Black people in Bedfordshire are three times more likely to be arrested than white people, new figures show.
Civil lobbying charity Liberty, which campaigns for justice and equality, accused the police of acting unjustly towards ethnic minorities and called on the Government to reduce police powers.
Home Office figures show 485 arrests of black people were made in Bedfordshire in 2020-21.
This equated to an estimated 16.3 arrests per 1,000 black people in the area, based on population figures from the 2011 census.
In contrast, there were just 5.7 arrests per 1,000 white people, meaning a black person was 2.9 times more likely to be arrested.
Arrest rates were up on 2019-20, before the coronavirus pandemic, when 15.6 arrests per 1,000 black people and 5.8 per 1,000 white people were made.
Emmanuelle Andrews, policy and campaigns manager at Liberty, said the figures "highlight the injustices that black communities face across the criminal justice system".
Ms Andrews said: "The police should not be handed more powers, and their existing ones must be rolled back."
But the Home Office says "more is being done in policing than ever before to ensure everyone is treated fairly and without prejudice".
A spokesperson added: "We now have the most diverse police force in history and have extensive safeguards in place to hold the police accountable."
Habib Kadiri, research and policy manager at StopWatch, an anti stop and search charity, said the racial disparity in arrests is "symptomatic of an attitude that excuses the disproportionate targeting of black people under the guise that they are more likely to be involved in violence and drug crime".
Mr Kadiri also raised concerns regarding racial disparity in stop and search rates.
"The persistent racial disparity in stop and searches demonstrates the degree to which the misuse of frontline policing powers is institutionalised," he added.
Separate Home Office figures show there were 52.6 stop and searches for every 1,000 black people across England and Wales in 2020-21.
This is compared to just 7.5 per 1,000 white people, meaning a black person is more than seven times more likely to be stopped.
In Bedfordshire, 11.9 stop and searches per 1,000 black people were carried out, compared to 3.6 per 1,000 white people.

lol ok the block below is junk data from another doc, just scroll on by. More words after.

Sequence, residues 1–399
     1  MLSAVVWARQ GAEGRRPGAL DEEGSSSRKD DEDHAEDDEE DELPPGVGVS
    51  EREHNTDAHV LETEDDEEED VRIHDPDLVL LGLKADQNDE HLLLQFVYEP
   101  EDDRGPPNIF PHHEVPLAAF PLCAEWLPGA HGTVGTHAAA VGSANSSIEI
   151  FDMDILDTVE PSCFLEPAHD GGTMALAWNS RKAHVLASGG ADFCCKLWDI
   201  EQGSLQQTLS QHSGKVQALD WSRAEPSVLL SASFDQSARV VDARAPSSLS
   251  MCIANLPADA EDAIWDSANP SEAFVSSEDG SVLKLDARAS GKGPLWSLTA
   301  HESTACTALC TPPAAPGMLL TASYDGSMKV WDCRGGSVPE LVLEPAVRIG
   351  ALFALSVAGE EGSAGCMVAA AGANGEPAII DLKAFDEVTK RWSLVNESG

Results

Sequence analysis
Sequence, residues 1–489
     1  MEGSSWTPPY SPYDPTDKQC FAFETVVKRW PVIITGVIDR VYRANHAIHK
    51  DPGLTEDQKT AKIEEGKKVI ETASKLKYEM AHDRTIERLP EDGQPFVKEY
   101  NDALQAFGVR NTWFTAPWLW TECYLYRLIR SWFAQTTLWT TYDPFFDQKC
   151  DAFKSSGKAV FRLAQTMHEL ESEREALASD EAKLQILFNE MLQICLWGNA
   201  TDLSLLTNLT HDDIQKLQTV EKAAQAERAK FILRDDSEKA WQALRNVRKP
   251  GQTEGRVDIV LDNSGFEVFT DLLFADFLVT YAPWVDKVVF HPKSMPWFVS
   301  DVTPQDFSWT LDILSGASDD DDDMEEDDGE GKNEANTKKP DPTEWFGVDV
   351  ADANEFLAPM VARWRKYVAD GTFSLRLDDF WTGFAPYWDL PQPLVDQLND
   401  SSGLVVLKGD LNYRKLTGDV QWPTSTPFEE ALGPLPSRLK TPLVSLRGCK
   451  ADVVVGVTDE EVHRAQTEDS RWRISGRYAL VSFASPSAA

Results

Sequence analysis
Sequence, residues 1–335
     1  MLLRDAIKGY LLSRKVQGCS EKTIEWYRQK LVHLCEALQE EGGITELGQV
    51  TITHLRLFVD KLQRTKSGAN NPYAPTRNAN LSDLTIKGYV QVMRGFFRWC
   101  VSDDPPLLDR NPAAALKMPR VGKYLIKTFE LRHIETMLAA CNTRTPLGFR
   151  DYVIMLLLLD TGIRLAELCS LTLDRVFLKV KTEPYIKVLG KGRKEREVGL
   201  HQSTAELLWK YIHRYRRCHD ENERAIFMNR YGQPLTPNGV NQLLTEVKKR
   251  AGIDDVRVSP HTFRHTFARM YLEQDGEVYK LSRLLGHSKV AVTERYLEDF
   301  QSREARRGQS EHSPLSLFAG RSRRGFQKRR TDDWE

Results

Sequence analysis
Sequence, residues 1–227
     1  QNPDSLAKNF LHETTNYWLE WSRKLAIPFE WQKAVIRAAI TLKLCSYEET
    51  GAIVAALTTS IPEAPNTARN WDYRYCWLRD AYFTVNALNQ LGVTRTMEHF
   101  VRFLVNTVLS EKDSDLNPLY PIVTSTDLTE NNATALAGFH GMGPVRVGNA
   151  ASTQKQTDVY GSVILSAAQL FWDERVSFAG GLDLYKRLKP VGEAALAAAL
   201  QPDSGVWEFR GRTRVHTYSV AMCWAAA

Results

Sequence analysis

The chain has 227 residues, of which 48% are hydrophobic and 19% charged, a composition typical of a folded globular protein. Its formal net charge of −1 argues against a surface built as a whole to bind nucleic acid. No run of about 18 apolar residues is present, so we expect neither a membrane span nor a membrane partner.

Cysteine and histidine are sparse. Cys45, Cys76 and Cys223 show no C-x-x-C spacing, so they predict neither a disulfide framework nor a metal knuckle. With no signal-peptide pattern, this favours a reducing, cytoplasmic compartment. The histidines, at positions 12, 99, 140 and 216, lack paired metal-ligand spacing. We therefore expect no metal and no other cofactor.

Bedfordshire Police’s chief constable Garry Forsyth said: “All forces across the country are supporting the landmark police race action plan, which commits policing to becoming anti-racist.
“As the national lead for race, religion and belief, I have played a key part in shaping this plan and no one is more committed to this agenda and making the long-term improvements we need.
“A key part of the plan is to understand and explain any racial disparity across all areas of policing, such as in arrest figures, our use of force or stop and search.
“If we cannot explain it, then we have to remove it. I take our commitment to that incredibly seriously.
“Here in Bedfordshire, we have the lowest levels of disproportionality in stop and search of all UK police forces, the third most diverse workforce, and are among a handful of forces to implement certain actions identified in the Macpherson report following the death of Stephen Lawrence.
“So while we have a good record compared to other forces, there is still so much more to do and I completely accept that change has not gone far or fast enough in terms of building trust and confidence in policing among black communities.
“The race action plan is a watershed moment to change that.”
A Home Office spokesperson said: "Every knife taken off our streets is a potential life saved, with 16,000 dangerous weapons removed from the streets and almost 81,000 arrests made last year because of stop and search.
"No one should be stopped because of their race, but tragically data shows that young black men are disproportionately more likely to be the victims of knife crime."